The quick credit-approval process often required in trading operations may lead financial institutions to conduct only summary financial analysis. Institutions should ensure that the level of financial analysis is adequate and that all transactions have formal credit approval. If the credit officers prefer not to establish a formal line for a new relationship, a transaction-specific written approval should be given based on the potential exposure from the transaction. In making such one-off approvals, credit officers and credit-risk management should keep settlement risks in mind.

Broad policies that were structured in the interests of flexibility to apply to all types of counterparties may prove inadequate for directing bank staff in the proper review of the risks posed by specific types of counterparties. The assessment of counterparties based on simple balance-sheet measures and traditional assessments of financial condition may be adequate for many types of counterparties. However, these assessments may be entirely insufficient for those counterparties whose off-balance-sheet positions are a source of significant leverage and whose risk profiles are narrowly based on concentrated business lines, such as with hedge funds and other institutional investors. 

General policies calling for annual counterparty credit reviews are another example of broad policies that may compromise the integrity of the assessment of individual counterparties or types of counterparties-especially in cases when a counterparty's risk profile can change significantly over much shorter time horizons. Moreover, credit-risk assessment policies should also properly define the types of analysis to be conducted for particular types of counterparties based on the nature of their risk profile. In addition to customizing fundamental analyses based on industry and business-line characteristics of a counterparty, stress testing may be needed when a counterparty's creditworthiness may be adversely affected by short-term fluctuations in financial markets-especially when potential credit exposure to a counterparty increases when credit quality deteriorates.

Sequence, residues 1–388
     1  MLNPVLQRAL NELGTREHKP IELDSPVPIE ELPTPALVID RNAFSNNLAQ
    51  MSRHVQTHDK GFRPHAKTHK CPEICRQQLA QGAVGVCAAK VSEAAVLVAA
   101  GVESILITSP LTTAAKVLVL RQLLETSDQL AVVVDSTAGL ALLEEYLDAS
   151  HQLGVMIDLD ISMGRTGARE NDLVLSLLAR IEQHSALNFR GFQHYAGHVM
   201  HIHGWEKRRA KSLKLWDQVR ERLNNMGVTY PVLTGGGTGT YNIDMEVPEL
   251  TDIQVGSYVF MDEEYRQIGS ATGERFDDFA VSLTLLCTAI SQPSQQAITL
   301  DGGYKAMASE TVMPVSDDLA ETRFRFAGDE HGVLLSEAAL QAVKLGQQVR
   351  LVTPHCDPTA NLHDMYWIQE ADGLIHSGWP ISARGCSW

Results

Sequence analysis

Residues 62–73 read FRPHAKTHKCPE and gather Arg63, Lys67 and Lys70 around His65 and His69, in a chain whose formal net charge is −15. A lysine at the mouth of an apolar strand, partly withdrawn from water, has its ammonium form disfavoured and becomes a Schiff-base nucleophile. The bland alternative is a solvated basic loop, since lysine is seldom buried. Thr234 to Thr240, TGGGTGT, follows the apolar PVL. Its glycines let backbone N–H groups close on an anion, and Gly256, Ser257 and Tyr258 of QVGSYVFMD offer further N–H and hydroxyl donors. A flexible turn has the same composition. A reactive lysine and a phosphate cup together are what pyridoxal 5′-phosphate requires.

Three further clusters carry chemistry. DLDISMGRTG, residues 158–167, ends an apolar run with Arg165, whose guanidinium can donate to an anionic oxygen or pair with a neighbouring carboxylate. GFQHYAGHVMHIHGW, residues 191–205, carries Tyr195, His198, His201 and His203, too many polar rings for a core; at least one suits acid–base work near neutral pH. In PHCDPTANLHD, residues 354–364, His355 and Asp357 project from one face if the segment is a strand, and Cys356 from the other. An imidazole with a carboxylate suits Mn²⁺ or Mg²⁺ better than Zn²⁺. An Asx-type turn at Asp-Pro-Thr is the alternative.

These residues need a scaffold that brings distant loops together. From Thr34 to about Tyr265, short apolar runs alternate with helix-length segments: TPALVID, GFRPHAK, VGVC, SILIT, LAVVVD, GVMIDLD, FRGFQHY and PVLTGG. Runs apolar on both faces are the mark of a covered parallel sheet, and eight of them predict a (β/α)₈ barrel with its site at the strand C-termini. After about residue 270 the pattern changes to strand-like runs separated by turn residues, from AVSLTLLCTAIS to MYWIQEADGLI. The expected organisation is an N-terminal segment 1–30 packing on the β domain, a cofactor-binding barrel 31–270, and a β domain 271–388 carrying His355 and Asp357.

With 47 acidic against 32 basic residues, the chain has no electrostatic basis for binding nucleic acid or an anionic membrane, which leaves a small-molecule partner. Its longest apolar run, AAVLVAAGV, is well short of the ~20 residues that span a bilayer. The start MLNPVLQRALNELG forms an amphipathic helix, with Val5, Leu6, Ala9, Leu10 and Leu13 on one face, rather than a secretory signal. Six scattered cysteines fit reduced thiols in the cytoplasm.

A key responsibility of examiners has always been to identify areas where bank practices may not conform to stated policies. These efforts are made especially difficult when bank policies lack sufficient granularity, or specificity, to properly focus bank counterparty risk assessments. Accordingly, examiners should ensure that a bank's counterparty credit risk assessment policies are sufficiently defined to adequately address the risk profiles of specific types of counterparties and instruments. Policies should specify (1) the types of counterparties that may require special consideration; (2) the types and frequency of information to be obtained from such counterparties; (3) the types and frequency of analyses to be conducted, including the need for and type of any stress-testing analysis; and (4) how such information and analyses appropriately address the risk profile of the particular type of counterparty. This definition in policy is particularly important when limited transparency may hinder market discipline on the risk-taking activities of counterparties-which may have been the case with hedge funds. 

Even when credit-risk assessment policies appear to be sufficiently defined, examiners should place increasing emphasis on ensuring that existing practice conforms with both the stated objectives and intent of the organization's established policies. Quite often, in highly competitive and fast-moving transaction environments, examiners found that the analyses specified in policies, such as the review of a counterparty's ability to manage the risks of its business, were not done or were executed in a perfunctory manner. 

Necessary internal controls for ensuring that practices conform with stated policies include actively enforced documentation standards and periodic independent reviews by internal auditors or other risk-control units. Examiners should evaluate an institution's documentation standards and determine that internal reviews are adequately conducted for business lines, products, exposures to particular groups of counterparties, and individual customers that exhibit significant growth or above-normal profitability. As always, examiners should evaluate the integrity of these internal controls through their own transaction testing of such situations using targeted examinations and reviews. Testing should include robust sampling of transactions with an institution's major counterparties in the targeted area, as well as sufficient stratification to ensure that practices involving smaller relationships also adhere to stated policies.